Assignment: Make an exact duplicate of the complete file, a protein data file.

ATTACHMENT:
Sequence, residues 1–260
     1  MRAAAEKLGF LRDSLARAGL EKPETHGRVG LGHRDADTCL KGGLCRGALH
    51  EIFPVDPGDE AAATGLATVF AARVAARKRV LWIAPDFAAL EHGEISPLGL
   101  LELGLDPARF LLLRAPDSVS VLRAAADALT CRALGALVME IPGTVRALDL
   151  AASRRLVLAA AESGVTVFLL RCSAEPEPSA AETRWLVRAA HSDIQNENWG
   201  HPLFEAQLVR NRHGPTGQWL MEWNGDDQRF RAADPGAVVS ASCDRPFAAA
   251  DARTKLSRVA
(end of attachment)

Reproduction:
Sequence, residues 1–260
     1  MRAAAEKLGF LRDSLARAGL EKPETHGRVG LGHRDADTCL KGGLCRGALH
    51  EIFPVDPGDE AAATGLATVF AARVAARKRV LWIAPDFAAL EHGEISPLGL
   101  LELGLDPARF LLLRAPDSVS VLRAAADALT CRALGALVME IPGTVRALDL
   151  AASRRLVLAA AESGVTVFLL RCSAEPEPSA AETRWLVRAA HSDIQNENWG
   201  HPLFEAQLVR NRHGPTGQWL MEWNGDDQRF RAADPGAVVS ASCDRPFAAA
   251  DARTKLSRVA